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Great Neck mayor tables plan to shift zoning to trustees

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?xml version="1.0" encoding="UTF-8" standalone="yes"?> Credit: Great Neck Mayor Pedram Bral listens during a public hearing, Tuesday evening, Dec. 1, 2015, regarding changing the way special use permits, including for houses of worship, are handled.

The mayor of Great Neck postponed a plan to empower the board of trustees to approve all village special use permits — many of which are currently handled by the zoning board — after much heated discussion about the way applications for houses of worship are treated.

Residents and members of the zoning board opposed the plan at a two-hour hearing Tuesday night. Some questioned whether the proposal was legal and called it a power grab by the trustees, while religious leaders spoke out in support of the bill to say the process for house of worship approvals through the zoning board — for example, requests for a sukkah and mikvah — was often slow and expensive.

After the board met in executive session with the village attorney, Mayor Pedram Bral said board members needed more time to review the proposal.

Though the bill covers all special- and conditional-use requests in the village, Bral has said that a key reason for the bill was to ease the process for developers of houses of worship. He cited suggestions from residents, and some in attendance said plans for religious institutions had taken too long.

But chairman Dennis Grossman of the Board of Zoning Appeals said he was concerned the proposal would have “serious impacts for further development in the village.”

Grossman, who has served on the board for 16 years, said the board should have time to study the proposal and be authorized to hire “independent counsel” because the board’s law firm is “conflicted out.”

The trustees board is represented by the same firm as the zoning board, Bee Ready Fishbein Hatter & Donovan LLP of Mineola.

Grossman said he wanted to work with the village to solve some of the issues, suggesting that trustees authorize the zoning board to meet more frequently.

“I think things should be expedited,” Grossman said. He said, however, zoning board members “pay attention to the details” and make sure that safe procedures are followed.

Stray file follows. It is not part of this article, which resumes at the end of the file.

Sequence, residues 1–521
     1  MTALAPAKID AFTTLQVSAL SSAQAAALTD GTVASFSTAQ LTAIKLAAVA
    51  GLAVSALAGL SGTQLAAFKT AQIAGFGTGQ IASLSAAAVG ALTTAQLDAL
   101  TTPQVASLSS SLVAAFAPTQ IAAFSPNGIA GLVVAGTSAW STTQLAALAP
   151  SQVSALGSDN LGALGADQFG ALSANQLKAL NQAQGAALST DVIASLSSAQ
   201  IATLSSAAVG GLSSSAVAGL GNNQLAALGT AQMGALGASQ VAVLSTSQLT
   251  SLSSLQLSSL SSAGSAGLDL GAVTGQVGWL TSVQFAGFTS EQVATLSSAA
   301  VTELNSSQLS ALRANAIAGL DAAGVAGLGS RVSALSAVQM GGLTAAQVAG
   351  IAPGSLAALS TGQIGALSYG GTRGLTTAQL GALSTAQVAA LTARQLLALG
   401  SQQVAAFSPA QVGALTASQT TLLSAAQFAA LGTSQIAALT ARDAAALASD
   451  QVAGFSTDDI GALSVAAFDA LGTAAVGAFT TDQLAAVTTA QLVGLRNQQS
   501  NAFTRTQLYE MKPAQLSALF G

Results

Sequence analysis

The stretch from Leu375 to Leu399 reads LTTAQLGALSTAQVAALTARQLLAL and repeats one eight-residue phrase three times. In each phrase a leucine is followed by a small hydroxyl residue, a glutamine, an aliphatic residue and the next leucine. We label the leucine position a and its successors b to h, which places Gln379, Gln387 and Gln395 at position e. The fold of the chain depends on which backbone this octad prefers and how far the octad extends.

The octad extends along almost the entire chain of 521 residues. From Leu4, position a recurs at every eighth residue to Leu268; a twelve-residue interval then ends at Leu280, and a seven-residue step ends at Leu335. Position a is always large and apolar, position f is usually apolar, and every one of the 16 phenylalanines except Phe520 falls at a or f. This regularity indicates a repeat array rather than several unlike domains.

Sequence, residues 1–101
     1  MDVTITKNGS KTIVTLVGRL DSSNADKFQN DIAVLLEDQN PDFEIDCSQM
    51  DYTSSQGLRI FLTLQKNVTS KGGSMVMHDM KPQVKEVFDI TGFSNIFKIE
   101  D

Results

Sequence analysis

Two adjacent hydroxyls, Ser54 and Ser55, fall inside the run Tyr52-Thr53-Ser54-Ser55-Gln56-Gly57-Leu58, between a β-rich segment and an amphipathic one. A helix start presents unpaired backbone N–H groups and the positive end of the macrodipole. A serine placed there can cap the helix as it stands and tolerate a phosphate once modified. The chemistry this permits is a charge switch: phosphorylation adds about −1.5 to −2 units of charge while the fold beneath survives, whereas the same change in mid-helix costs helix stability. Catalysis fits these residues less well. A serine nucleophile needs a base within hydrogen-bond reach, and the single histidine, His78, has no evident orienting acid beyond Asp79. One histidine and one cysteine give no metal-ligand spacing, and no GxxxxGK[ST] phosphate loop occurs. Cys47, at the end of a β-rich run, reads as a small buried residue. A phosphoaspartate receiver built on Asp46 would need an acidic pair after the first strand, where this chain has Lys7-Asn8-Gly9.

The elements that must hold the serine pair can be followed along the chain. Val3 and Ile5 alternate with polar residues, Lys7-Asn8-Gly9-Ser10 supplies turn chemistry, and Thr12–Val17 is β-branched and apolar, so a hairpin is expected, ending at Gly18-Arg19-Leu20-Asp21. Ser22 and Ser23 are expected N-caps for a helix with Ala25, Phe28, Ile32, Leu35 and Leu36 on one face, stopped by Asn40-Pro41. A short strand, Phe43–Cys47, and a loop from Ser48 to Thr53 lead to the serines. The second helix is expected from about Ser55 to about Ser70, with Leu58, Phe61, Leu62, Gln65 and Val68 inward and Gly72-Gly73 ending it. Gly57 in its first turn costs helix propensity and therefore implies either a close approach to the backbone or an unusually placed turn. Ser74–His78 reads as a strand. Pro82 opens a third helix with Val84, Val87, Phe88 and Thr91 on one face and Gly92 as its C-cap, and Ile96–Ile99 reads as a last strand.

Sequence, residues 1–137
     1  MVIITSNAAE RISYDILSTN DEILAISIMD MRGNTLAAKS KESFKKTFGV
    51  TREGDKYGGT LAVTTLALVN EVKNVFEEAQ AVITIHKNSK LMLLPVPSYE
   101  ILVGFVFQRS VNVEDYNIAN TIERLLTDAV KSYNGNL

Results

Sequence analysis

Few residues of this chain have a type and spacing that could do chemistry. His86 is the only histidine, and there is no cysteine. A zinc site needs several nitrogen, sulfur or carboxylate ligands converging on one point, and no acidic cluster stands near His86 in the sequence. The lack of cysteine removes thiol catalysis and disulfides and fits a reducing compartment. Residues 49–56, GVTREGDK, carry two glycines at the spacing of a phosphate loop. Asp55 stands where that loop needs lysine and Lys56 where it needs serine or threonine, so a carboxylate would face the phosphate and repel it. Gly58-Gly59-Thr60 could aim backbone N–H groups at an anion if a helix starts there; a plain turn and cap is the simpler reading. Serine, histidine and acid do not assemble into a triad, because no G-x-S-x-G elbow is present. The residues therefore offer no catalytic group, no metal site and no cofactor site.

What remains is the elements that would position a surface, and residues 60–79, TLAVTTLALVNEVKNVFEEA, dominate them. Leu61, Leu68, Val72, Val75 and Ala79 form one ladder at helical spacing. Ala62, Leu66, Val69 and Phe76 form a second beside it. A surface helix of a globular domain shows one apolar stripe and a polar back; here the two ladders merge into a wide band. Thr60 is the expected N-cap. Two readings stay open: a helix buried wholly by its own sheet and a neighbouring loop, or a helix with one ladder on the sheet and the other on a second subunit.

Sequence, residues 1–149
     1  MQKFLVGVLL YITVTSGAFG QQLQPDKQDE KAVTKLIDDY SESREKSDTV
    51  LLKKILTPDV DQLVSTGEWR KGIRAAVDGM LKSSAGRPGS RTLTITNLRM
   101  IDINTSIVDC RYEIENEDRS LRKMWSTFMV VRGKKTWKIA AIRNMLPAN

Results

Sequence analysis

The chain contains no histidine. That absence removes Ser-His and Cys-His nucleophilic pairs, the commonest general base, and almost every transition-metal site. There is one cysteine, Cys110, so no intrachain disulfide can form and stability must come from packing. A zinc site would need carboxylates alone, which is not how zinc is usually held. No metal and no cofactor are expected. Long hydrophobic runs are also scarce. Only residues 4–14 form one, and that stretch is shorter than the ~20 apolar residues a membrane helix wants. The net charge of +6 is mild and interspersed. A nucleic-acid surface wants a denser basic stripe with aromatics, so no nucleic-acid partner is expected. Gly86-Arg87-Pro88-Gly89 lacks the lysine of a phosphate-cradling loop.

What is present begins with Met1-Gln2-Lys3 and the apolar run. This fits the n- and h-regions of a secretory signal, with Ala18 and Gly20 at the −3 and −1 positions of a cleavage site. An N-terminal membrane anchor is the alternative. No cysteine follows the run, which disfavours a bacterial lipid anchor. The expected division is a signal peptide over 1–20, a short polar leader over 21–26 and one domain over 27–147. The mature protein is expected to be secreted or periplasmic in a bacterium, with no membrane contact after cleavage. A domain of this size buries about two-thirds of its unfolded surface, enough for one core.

Support for the bill came from some in the religious community. Gabi Aharoni, president of Shaare Zion of Great Neck, said the trustees board would offer “much more quick resolutions.”

Resident David Ahdout said he believed the zoning board was “purposefully delaying approvals so the applicant would abandon the cause.”

Bral said at the beginning of the meeting residents could only speak for three minutes. The hearing became tense as the mayor’s campaign manager, Rebecca Rosenblatt Gilliar, asked for additional time to read specific passages that she had asked board members to underline in red pen.

She said the law had “bad thinking” and “might be illegal.”

“You just want to usurp jurisdiction, and it’s not clear why.”

The board asked her to borrow time from other scheduled speakers.

Some residents called others liars, while the mayor pleaded for civility.

Bral and two other trustees took office in July, all of whom unseated incumbents to gain control of the board of trustees. Zoning board members are appointed, not elected.

Resident Amy Glass, who has lived in the village for 22 years, said she worried this proposal would open the door to “special favors.”

Village attorney Peter Bee said the proposal abides by New York State law and gives the board of trustees power over all of the special use permit decisions. The board already has authority over some special use permits, Bee said.

Steven Markowitz, a board of zoning appeals member for eight years, asked “what is driving this?” and said residents wanted to know “what is this really about.”

Zoning board member Ronald Poons said the trustees lacked the “courtesy” to run the issue by the zoning board.

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